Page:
It's rather poignant how desperate Gavin Rossdale and his minions are for respect. For the act's previous package, Razorblade Suitcase, they hired producer Steve Albini, a man even Kurt Cobain thought was too extreme at times. Now, on Deconstructed, the lads have lined up every hotshot studio jockey on the A-list to make their iffy tunes as current as trip-hop. Since the first step toward a strong mix is strong material, this task was a difficult one, but a few dial-twisters were able to come up with some intriguing concoctions anyhow -- especially those who took the quite logical step of tossing out as much of the songs as they could. "Swallowed" becomes a moody but still danceable sonic slab after being overhauled by Goldie and Rob Playford; "In a Lonely Place" is infused with creepiness by Tricky; and "Everything Zen" is completely subsumed in beats and beeps cooked up by Derek DeLarge. (A second, far less drastic variation on "Everything Zen," refurbished by Greg Brimson and Pete Coyte, leads off the disc.)
Despite such exertions, this undertaking remains a waste of time -- the sort of thing record companies put out for no reason other than to assuage bruised egos. Why? Because people who actually like Bush are apt to hate the changes, and people who don't like Bush will see Deconstructed as the vanity project it is and leave it on the store shelves. Coming soon to a cut-out bin near you.
-- Michael Roberts
Brown Eyed Soul: The Sounds of East L.A., Volumes 1-3
Decked out with car dice and shots of Whittier Boulevard, this three-pack of low-rider music isn't solely the work of Latin artists. Rather, it's a collection of music embraced by the Latin community, which explains the inclusion of the Marvelettes, the Safaris, Bo Diddley, and Jesse Belvin alongside Thee Midnighters, Ritchie Valens, and El Chicano. Each volume splits time between all-out frat-rockers like the Blendells' "La La La La La" and doo-wop ballads such as "Please Baby Please" by Cannibal and the Headhunters.
These slow-moving tracks evoke what it must've felt like strolling empty L.A. streets on Sunday afternoon back when all the stores were closed and all the iron gates were pulled down. That Sunday kind of love is best evoked by Billy Stewart's "Sitting in the Park," which is included here amid some compelling sound-alikes (the Romancers' "My Heart Cries" and Thee Midnighters' "Dreaming Casually," to name two). If you're out to prolong that romantic mood, volume 2 works best. Volume 1 is a tad too heavy on Fifties doo-wop, much of which sounds pedestrian compared to the shimmer of later vocal-group works like Bloodstone's "Natural High," found on the more upbeat volume 3.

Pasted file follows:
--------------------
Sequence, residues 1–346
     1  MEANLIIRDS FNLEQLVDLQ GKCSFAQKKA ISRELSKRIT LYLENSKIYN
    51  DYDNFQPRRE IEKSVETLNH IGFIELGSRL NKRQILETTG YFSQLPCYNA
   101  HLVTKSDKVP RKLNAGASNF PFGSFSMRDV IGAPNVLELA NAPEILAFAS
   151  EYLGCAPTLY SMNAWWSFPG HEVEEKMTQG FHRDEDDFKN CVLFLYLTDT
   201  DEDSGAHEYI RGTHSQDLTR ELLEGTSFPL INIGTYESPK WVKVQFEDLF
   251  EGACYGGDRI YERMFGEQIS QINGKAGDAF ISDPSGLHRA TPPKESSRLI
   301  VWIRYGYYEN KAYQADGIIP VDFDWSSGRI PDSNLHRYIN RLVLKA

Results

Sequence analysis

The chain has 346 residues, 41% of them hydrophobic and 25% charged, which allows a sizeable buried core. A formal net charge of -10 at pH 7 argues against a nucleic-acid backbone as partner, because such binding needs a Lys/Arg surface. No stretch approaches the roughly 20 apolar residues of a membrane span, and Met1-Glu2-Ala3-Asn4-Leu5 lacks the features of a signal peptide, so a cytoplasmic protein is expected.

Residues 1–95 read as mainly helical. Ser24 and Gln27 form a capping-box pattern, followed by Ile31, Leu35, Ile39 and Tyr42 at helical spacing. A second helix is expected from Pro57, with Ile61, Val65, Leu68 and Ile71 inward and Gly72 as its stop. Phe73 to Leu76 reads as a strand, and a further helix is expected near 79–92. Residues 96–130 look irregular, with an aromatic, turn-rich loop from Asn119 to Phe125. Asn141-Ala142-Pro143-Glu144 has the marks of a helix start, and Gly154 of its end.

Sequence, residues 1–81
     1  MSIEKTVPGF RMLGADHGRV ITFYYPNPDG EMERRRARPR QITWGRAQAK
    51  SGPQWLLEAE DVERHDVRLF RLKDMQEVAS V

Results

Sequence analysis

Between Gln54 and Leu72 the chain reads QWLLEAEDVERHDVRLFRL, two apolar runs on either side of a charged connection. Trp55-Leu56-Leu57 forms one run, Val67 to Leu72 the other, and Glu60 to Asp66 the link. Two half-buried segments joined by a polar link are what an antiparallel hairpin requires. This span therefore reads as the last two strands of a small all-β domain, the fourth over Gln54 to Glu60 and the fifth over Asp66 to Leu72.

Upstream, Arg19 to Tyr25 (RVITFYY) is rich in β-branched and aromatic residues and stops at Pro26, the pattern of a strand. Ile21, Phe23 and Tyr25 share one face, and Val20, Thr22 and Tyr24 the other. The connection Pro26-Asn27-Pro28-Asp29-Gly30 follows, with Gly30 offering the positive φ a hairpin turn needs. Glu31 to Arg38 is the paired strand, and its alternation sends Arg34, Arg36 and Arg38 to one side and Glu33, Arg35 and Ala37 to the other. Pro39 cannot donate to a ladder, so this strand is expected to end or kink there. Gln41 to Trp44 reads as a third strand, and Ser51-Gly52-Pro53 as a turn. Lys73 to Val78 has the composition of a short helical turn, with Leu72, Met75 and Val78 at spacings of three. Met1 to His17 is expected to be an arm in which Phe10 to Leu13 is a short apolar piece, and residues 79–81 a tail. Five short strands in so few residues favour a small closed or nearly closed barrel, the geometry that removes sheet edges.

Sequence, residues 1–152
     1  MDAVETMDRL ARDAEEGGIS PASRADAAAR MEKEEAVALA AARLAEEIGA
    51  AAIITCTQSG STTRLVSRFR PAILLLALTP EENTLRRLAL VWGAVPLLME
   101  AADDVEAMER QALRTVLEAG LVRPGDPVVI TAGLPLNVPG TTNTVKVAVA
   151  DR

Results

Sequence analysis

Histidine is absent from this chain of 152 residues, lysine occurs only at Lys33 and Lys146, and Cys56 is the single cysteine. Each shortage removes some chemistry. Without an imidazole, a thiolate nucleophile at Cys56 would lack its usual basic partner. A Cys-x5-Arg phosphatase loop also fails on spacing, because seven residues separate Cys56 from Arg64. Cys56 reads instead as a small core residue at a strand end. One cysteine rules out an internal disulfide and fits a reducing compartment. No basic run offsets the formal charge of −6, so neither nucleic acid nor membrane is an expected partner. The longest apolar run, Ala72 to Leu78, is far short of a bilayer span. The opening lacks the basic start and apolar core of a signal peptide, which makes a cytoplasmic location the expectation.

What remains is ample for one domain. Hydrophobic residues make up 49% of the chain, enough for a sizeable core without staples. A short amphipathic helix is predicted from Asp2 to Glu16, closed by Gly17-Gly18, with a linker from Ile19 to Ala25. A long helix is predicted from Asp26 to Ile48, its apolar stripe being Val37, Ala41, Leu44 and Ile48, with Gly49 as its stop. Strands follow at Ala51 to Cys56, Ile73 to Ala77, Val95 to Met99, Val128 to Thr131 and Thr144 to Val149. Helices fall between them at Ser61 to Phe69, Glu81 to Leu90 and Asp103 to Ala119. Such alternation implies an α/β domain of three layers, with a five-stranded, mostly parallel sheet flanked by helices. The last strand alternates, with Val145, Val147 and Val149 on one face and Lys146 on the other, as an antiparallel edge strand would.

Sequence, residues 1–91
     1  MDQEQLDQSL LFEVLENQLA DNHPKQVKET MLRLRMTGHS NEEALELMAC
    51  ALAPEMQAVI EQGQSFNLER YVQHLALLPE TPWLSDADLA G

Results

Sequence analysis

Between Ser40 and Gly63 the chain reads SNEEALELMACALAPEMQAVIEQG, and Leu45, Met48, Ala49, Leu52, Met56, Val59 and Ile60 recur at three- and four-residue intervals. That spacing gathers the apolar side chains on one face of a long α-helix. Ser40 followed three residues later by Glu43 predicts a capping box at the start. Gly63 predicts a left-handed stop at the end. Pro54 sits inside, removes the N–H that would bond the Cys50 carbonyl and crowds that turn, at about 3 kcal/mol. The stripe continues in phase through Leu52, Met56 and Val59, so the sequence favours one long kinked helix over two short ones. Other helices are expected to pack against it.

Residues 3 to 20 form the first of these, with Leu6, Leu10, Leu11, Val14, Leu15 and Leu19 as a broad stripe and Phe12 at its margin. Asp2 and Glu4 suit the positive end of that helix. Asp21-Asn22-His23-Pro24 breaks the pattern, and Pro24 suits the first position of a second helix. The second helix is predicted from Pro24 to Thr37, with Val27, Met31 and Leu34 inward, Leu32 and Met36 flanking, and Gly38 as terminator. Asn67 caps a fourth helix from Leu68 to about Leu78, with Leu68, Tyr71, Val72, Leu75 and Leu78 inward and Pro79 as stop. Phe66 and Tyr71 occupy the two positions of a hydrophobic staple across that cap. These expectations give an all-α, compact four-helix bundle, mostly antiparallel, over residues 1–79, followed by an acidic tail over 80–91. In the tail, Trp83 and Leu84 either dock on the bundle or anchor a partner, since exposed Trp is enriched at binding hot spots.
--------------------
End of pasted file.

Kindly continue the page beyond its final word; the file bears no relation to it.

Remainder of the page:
-- Serene Dominic
Jump Start and Jazz: Two Ballets by Wynton Marsalis
For most of us, ballet is like the restaurant where we have to wear a tie, order in a language we haven't spoken since high school, and enjoy the food without knowing exactly what we're eating. But for Wynton Marsalis it's just a cool place to hang out between his other high-profile gigs. It's not surprising that Marsalis's favorite food is gumbo, for his compositions here offer a strange and daring stew of American and European musical idioms. Both Jump Start: The Mastery of Melancholy and Jazz: 61/2 Syncopated Movements veer from moments of sad beauty to Ives-like strangeness, from marching-band tempos to blues to something recalling the scores of Ennio Morricone. Jazz begins with a light-hearted movement titled "Jubilo," but by the second movement, "Tick-Tock" (subtitled with a nod to Tchaikovsky as "Night Falls on Toyland"), we're in the middle of a thoroughly trippy New Orleans funeral. The last full movement, "Ragtime," is pure celebratory romp.
Jump Start is actually the jazzier of the two pieces, and more fun. Composed for choreographer Twyla Tharp, it's less a suite than a series of pieces built around different dance rhythms. Recalling the dance music of the Thirties and Forties, the first track, "Boogie Woogie Stomp," is exactly what its title says. Even when Marsalis looks for inspiration in an ancient Japanese musical genre, as he does in "Gagaku," it's not his musicologist's knowledge of non-Western music that impresses, but rather his willingness to loosen his tie, kick off his shoes, and make whatever music sounds good. -- Seth Hurwitz